Yip Harburg (Hardback)
  • Yip Harburg (Hardback)
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Yip Harburg (Hardback)

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£27.00
Hardback 332 Pages / Published: 02/01/2013
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Known as "Broadway's social conscience," E. Y. Harburg (1896-1981) wrote the lyrics to the standards, "Brother, Can You Spare a Dime?," "April in Paris," and "It's Only a Paper Moon," as well as all of the songs in The Wizard of Oz, including "Over the Rainbow." Harburg always included a strong social and political component to his work, fighting racism, poverty, and war. Interweaving close to fifty interviews (most of them previously unpublished), over forty lyrics, and a number of Harburg's poems, Harriet Hyman Alonso enables Harburg to talk about his life and work. He tells of his early childhood on the Lower East Side of Manhattan, his public school education, how the Great Depression opened the way to writing lyrics, and his work on Broadway and Hollywood, including his blacklisting during the McCarthy era. Finally, but most importantly, Harburg shares his commitment to human rights and the ways it affected his writing and his career path. Includes an appendix with Harburg's key musicals, songs, and films.

Publisher: University Press of New England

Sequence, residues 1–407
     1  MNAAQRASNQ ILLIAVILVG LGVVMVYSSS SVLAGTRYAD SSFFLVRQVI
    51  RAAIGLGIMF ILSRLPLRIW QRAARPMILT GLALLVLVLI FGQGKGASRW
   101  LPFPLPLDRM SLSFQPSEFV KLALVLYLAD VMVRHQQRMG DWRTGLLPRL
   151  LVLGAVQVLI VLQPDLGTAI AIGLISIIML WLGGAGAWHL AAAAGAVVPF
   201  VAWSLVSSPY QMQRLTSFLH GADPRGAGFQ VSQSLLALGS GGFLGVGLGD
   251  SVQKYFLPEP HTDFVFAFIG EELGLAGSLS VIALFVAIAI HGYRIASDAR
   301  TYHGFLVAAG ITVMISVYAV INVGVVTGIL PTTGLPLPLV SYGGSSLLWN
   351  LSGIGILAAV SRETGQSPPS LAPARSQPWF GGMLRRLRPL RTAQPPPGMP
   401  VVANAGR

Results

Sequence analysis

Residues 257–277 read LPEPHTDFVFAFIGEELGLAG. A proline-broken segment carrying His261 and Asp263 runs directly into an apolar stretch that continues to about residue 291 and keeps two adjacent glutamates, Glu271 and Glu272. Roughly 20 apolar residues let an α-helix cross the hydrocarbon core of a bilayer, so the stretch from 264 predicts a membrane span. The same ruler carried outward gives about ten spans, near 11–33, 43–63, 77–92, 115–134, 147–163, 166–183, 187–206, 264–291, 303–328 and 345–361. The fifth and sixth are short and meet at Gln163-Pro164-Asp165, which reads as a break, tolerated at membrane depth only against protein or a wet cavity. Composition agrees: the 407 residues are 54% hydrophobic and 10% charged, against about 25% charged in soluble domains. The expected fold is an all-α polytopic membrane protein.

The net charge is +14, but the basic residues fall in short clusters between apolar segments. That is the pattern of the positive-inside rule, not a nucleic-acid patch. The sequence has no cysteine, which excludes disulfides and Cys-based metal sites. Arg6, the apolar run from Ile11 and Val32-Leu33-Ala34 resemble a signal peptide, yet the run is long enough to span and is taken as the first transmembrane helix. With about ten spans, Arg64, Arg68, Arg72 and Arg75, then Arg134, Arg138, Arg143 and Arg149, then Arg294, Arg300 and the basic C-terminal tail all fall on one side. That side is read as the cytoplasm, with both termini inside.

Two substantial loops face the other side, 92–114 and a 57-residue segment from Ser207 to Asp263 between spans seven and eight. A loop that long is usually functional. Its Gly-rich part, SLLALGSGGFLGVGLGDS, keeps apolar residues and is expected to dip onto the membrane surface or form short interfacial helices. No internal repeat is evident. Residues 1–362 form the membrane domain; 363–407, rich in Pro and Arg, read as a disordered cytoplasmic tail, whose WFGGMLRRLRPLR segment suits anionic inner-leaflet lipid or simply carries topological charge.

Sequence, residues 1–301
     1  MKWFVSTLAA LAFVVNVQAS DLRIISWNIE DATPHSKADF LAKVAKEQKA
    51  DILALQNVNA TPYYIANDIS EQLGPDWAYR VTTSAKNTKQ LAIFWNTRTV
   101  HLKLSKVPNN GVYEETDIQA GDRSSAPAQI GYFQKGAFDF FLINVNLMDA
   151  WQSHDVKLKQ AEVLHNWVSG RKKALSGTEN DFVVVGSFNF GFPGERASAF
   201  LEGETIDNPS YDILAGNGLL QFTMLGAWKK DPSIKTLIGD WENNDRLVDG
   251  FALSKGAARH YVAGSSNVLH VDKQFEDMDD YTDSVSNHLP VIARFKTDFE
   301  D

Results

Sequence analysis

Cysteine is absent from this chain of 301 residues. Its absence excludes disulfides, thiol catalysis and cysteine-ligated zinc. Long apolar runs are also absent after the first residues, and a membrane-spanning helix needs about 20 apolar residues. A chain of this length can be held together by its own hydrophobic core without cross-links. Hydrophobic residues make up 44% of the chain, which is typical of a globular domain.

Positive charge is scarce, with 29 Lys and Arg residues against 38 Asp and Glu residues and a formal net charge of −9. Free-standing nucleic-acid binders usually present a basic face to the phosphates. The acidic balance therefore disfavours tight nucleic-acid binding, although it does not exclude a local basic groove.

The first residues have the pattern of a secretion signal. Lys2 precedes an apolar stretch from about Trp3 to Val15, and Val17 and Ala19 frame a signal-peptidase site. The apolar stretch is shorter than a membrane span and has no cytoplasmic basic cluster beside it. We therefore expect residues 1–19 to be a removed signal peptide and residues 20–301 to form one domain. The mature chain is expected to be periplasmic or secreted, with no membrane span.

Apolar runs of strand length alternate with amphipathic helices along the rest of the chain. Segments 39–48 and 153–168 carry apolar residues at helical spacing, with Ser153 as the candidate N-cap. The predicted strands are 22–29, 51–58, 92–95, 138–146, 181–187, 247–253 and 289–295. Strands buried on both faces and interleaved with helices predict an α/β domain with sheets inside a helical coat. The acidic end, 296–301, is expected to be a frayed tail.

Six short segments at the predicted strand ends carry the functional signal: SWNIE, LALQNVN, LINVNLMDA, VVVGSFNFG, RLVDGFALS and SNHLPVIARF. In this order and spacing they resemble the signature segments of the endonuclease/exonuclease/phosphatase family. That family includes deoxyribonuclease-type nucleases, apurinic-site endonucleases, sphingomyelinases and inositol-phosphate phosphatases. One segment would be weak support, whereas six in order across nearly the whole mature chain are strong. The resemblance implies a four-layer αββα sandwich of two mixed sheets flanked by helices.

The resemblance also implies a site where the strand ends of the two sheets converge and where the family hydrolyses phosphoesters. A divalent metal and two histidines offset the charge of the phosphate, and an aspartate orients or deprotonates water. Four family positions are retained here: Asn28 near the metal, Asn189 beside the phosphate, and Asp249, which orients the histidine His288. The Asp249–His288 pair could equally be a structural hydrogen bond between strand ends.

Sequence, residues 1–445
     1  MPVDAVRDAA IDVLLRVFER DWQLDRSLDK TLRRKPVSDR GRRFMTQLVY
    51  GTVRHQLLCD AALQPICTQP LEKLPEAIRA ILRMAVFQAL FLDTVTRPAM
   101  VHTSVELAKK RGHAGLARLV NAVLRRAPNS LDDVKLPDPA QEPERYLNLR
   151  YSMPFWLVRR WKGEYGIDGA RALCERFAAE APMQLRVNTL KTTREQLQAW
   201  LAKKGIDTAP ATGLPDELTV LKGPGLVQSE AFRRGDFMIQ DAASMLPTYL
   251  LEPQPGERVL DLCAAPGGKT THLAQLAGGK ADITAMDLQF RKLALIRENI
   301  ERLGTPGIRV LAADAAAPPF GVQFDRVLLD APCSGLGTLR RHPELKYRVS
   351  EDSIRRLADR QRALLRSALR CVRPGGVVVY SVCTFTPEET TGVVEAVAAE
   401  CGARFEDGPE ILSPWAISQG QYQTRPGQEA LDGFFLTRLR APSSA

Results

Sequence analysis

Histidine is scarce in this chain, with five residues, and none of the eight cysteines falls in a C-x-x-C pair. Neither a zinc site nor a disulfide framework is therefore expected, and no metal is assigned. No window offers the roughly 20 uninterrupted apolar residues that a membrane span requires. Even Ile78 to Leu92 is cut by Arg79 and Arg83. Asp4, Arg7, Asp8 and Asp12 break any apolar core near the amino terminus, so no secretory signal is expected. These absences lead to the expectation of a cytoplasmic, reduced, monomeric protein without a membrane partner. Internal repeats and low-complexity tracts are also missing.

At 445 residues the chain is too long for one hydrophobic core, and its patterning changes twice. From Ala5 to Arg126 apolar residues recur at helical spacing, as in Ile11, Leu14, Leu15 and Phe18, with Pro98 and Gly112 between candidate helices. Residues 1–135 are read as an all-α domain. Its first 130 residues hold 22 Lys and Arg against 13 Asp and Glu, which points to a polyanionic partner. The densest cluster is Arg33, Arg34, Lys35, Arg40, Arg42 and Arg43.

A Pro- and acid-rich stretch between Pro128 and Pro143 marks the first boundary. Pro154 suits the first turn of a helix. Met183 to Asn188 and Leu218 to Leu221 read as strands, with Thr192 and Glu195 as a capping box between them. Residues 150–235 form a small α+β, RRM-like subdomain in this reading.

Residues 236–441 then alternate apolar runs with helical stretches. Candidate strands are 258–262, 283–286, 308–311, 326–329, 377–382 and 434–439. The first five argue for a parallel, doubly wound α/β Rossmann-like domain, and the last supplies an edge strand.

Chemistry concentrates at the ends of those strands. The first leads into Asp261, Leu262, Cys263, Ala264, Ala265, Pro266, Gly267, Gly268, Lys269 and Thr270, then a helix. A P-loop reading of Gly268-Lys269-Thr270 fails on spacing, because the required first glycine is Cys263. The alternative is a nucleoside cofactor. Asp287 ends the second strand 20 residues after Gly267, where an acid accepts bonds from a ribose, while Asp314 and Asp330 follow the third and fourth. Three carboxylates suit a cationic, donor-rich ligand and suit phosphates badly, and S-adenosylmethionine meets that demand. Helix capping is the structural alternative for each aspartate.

ISBN: 9780819571281
Number of pages: 332
Weight: 630 g
Dimensions: 235 x 152 x 27 mm


MEDIA REVIEWS
In this detailed, entertaining account, Alonso gives life to a courageous man and artist who risked it all for some simple human truth. Publishers Weekly"
The book is far more lively and less politically earnest than its title suggests. In fact, it is downright chatty, being essentially a sort of oral history Alonso crafted out of nearly 50 published and unpublished transcripts of radio and television broadcasts, speeches, roundtables, and conversations in which Harburg participated over the years. James M. Keller, Pasatiempo"
an excellent introduction to the artist. Joseph Epstein, The Wall Street Journal"
a good portrait of that picturesque leprechaun of a fellow who followed a crock of gold past that paper moon to somewhere over the rainbow. Steven Suskin, Playbill"
Tunesmith E.Y. Harburg (1896 1981) composed the lyrics for such hits as April in Paris and the Depression-era classic Brother, Can You Spare a Dime? If he had written only one song, however, he d be in the pantheon that ditty, heard in a 1939 movie, was Over the Rainbow, from The Wizard of Oz. Yip Harburg: Legendary Lyricist and Human Rights Activist reminds us of his charms. Dick Donahue, Publishers Weekly"